On Tuesday Brad Smith, Microsoft's general counsel & executive vice president of legal & corporate affairs, said that the company asked the Attorney General of the United States to personally take action to allow Microsoft and other companies to be more transparent regarding how they handle national security requests for customer information. The U.S. constitution guarantees the freedom to share more information to the public, yet the government is essentially using a gag order on these companies.
"Government lawyers have yet to respond to the petition we filed in court on June 19, seeking permission to publish the volume of national security requests we have received," Smith states. "We hope the Attorney General can step in to change this situation. Until that happens, we want to share as much information as we currently can."
"There are significant inaccuracies in the interpretations of leaked government documents reported in the media last week," he added. "We have asked the Government again for permission to discuss the issues raised by these new documents, and our request was denied by government lawyers."
The rest of the lengthy statement responds to last week's report about how Microsoft shares data with the NSA regarding Outlook.com, SkyDrive, Skype calling, and enterprise email and document storage. He also goes on to state that Microsoft only pulls and then provides the specific data mandated by the relevant legal demand. He also said the company only respond to requests for specific accounts and identifiers, and so on. The entire statement can be accessed here.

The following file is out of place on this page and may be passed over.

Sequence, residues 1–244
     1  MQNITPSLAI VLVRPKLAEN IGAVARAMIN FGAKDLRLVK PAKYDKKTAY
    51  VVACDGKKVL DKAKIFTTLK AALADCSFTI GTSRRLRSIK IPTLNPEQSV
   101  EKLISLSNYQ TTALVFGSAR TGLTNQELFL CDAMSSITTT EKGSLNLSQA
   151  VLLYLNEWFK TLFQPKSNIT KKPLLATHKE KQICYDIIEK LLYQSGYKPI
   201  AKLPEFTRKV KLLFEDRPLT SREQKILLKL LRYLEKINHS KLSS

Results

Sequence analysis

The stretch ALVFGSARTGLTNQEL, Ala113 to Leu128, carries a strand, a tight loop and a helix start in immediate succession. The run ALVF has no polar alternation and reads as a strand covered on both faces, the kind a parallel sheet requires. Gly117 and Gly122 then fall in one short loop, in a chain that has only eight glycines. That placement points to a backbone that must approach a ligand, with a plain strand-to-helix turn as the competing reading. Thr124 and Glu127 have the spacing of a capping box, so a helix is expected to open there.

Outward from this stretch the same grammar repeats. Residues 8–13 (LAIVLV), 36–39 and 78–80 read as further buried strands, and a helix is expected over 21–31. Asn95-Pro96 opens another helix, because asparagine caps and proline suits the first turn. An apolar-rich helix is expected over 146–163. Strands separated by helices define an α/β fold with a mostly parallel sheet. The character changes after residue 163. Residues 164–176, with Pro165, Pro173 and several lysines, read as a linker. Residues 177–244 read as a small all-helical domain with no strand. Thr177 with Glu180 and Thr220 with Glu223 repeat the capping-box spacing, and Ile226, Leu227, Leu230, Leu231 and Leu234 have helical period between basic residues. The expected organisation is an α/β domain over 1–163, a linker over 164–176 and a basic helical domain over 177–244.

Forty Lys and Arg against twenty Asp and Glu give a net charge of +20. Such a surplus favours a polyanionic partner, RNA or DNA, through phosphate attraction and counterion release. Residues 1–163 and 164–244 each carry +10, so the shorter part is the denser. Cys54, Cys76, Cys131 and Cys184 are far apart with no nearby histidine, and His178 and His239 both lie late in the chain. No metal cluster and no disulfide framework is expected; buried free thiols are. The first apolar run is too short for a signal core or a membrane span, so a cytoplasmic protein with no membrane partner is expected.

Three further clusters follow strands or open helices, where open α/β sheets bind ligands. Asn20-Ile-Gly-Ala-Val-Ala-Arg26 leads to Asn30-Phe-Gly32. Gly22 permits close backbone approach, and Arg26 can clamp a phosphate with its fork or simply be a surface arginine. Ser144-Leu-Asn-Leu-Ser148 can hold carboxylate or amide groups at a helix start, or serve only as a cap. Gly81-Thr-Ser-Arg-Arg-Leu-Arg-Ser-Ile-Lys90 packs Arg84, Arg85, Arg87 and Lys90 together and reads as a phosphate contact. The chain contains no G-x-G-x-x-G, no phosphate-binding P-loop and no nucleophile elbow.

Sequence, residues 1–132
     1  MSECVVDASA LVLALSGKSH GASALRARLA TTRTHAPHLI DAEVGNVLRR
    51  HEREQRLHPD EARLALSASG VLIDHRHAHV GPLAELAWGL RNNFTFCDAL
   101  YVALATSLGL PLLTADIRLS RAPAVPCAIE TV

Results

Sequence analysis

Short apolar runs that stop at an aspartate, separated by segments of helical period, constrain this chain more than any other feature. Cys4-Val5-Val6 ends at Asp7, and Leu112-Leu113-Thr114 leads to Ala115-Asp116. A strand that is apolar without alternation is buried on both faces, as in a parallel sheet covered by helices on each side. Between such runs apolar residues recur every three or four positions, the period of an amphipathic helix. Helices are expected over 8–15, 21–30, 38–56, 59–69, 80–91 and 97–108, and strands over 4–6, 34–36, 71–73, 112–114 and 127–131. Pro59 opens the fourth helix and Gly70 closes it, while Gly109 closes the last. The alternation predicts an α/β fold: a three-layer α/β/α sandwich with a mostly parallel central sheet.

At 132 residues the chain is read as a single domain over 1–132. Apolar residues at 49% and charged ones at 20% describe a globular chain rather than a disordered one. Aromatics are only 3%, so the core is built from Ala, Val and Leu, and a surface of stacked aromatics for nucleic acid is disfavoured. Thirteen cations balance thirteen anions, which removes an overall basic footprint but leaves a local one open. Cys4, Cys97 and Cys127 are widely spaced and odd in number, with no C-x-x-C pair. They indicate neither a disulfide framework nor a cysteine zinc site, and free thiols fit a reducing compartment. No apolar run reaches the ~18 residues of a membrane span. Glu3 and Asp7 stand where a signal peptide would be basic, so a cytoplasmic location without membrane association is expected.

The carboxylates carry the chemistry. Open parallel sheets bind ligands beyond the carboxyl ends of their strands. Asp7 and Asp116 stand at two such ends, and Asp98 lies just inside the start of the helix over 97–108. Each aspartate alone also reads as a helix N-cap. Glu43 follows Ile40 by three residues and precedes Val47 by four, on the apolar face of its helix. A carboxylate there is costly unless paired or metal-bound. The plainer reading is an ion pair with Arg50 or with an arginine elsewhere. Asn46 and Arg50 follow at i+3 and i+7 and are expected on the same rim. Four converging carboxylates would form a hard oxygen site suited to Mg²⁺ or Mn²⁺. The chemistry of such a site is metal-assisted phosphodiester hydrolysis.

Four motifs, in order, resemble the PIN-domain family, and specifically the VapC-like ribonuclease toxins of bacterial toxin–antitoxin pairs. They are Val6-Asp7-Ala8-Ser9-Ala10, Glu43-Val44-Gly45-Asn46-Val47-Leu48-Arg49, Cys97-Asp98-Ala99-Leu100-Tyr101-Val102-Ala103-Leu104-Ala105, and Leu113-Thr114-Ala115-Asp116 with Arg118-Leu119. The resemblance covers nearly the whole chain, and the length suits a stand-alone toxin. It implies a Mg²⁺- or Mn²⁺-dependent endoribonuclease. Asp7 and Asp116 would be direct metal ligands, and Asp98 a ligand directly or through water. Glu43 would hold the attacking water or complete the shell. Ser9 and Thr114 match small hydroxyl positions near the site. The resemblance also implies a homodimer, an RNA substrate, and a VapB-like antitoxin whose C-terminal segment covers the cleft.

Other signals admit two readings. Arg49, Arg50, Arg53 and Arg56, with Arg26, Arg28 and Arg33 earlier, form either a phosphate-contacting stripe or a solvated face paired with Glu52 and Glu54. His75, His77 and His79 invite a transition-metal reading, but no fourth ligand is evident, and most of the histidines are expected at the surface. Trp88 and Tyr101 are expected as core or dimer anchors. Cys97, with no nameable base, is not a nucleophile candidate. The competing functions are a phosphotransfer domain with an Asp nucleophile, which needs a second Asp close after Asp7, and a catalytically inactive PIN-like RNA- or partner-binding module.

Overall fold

Meanwhile, the company has joined Apple, Google, Facebook and a number of others in a broad alliance spanning 63 companies, investors, non-profits and trade organizations that are demanding a dramatic increase in transparency regarding U.S. government surveillance efforts. Their letter will be published on Thursday, asking President Obama and congressional leaders to allow Web-based, telephone and Internet providers to reveal additional details about national security-related requests.
AllThingsD has reportedly acquired a copy of the letter which shows that the alliance wants to report on a regular basis the number of government requests for information about their users, the number of individuals, accounts, or devices for which information was requested, and the number of requests that sought communications content, basic subscriber information, and/or other information. The alliance is also asking the government to produce a transparency report of its own providing the same information. That's fair, right?
"We seek permission for the same information to be made available regarding the government’s national security–related authorities," the letter states. "Just as the United States has long been an innovator when it comes to the Internet and products and services that rely upon the Internet, so too should it be an innovator when it comes to creating mechanisms to ensure that government is transparent, accountable, and respectful of civil liberties and human rights."
Also included in the alliance is Yahoo, LinkedIn, Mozilla, Tumblr, Twitter, Dropbox, Reddit and many, many others.
What a mess.